Have you ever picked up a record, looked at the instrument lineup, and thought, "Huh?" This happened to me once at a little record shop in upstate New York. The album was in the jazz section, but the lead instrument was a pedal steel guitar. I almost felt the need to look up into the corners of the room to find the cameras that were surely recording my confused looks. But there were no cameras, and the album was no joke. Sometimes your boundaries can be expanded in unexpected ways.
I had a miniaturized version of that feeling of surprise while listening to the title track from Kristy's My Romance. Covered by countless jazz vocalists, it was a definite left turn to hear the opening chords of the Rodgers and Hart classic being presented with intertwined piano voicings and bits of both slide guitar and dobro. When Kristy's breathy and detailed voice joined in, I knew that I was not dealing with an ordinary jazz vocals album. Sure enough, along with that unusual instrumental selection, this album presents several tunes with very non-tradition choices.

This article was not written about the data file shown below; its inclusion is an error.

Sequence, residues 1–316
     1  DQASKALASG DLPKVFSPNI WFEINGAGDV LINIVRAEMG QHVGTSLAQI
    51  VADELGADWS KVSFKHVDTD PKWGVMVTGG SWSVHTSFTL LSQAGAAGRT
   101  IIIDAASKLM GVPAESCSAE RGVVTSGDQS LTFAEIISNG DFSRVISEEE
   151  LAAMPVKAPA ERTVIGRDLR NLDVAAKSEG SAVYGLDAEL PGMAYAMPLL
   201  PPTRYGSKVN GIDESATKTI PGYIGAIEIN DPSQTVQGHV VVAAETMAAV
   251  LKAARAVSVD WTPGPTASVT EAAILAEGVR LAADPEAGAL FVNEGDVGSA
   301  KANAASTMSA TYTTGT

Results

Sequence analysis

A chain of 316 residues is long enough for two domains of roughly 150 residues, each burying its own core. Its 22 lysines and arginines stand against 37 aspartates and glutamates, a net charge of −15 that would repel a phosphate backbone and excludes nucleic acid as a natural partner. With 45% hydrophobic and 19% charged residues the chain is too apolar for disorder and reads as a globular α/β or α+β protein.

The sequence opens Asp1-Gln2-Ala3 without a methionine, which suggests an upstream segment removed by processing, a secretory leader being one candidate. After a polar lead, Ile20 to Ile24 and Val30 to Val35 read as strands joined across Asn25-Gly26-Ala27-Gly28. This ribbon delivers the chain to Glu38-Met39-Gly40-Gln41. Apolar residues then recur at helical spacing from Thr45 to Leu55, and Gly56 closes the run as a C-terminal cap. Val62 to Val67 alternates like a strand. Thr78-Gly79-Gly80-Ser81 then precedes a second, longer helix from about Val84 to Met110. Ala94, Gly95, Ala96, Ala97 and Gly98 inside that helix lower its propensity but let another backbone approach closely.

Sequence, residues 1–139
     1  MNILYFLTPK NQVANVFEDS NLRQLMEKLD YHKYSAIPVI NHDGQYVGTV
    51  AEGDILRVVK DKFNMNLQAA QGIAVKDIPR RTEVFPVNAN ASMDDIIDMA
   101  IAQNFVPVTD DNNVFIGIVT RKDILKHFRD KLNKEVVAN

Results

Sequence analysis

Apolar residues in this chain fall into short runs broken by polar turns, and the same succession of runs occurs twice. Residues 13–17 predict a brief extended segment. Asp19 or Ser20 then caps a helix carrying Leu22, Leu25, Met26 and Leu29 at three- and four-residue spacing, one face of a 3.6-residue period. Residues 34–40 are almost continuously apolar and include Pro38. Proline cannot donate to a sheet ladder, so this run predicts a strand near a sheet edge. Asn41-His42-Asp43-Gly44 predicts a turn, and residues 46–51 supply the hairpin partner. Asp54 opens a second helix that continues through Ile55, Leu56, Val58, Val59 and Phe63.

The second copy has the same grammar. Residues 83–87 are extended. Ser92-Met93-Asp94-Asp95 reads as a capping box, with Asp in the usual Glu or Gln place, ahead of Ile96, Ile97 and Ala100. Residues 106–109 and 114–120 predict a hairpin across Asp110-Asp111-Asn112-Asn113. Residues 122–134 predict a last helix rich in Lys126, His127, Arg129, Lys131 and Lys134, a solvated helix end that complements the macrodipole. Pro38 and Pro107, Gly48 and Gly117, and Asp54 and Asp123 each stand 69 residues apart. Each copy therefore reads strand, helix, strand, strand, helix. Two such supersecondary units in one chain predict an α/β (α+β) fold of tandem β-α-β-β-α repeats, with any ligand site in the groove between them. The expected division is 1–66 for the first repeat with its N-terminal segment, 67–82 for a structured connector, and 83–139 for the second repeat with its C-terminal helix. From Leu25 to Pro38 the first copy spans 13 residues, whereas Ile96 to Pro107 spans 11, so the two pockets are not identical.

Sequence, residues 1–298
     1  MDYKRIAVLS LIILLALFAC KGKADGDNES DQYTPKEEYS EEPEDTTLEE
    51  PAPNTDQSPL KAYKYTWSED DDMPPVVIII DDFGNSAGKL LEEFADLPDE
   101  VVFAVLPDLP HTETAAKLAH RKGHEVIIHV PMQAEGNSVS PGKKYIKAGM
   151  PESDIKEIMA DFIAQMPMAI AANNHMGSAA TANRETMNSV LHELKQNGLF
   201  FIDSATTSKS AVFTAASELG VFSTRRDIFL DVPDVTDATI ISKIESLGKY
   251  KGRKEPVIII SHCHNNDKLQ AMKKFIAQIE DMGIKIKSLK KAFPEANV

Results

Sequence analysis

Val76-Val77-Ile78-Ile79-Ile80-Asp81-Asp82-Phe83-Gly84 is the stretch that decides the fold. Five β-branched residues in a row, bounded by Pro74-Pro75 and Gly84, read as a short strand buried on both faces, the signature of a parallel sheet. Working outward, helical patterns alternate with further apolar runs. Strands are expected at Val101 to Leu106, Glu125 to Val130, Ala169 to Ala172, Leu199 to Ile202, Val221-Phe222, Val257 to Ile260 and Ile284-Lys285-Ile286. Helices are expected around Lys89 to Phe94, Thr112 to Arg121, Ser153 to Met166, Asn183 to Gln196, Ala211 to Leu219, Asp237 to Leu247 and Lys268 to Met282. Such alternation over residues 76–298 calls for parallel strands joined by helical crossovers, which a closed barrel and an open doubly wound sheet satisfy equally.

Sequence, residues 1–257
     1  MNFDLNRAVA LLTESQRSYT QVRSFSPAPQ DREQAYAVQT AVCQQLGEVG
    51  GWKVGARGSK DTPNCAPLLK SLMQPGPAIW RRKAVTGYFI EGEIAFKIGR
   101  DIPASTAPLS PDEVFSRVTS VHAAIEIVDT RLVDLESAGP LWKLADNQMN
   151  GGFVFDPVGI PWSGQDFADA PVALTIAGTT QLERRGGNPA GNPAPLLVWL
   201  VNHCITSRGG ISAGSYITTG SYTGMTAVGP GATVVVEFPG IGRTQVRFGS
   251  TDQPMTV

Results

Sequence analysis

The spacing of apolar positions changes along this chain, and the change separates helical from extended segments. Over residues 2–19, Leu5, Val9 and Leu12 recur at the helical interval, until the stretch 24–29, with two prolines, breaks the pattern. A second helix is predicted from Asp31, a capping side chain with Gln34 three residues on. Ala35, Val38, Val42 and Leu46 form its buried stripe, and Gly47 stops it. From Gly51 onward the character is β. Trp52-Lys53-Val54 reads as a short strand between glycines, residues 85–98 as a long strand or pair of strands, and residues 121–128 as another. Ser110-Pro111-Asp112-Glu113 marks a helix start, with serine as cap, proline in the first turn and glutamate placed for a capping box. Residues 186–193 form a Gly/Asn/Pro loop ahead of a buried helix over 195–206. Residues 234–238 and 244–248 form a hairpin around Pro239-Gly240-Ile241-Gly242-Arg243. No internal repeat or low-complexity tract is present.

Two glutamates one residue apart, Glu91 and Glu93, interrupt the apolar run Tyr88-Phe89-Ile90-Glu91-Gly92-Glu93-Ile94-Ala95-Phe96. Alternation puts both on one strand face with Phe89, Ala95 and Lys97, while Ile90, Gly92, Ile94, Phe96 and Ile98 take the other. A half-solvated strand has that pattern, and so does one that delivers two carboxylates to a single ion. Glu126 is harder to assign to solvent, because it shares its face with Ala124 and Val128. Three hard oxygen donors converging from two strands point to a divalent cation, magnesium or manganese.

There's a lot to like here. The traditionalist will love Kristy's beautiful voice set against the piano and trumpet on songs like "In The Wee Small Hours Of The Morning," "Teach Me Tonight," and "It Never Entered My Mind," though even on the latter Matt Brubeck's cello (yes, that Brubeck) provides a somewhat unusual texture.
Where My Romance sets itself apart from the tradition is on songs like the loving take on The Beatles' "Blackbird," with extended sonics provided by a music box, cello, and dobro. Though it's not possible to surpass the original (and I'm certain that wasn't the intent here), this approach highlights the malleability of so many Lennon/McCartney compositions. "Take A Chance On Love" seems to begin in a traditional fashion, with voice set against piano. But Matt Brubeck's cello adds an earthy element, reminding my ears of all of those great Django/Grappelli excursions. The introduction to the bluesy "You Don't Know Me" accents the piano with yet another subtle element: artificial guitar harmonics. Or is it dobro? No matter, as a naughty little guitar/piano solo section does manage to turn things blue. Really great stuff.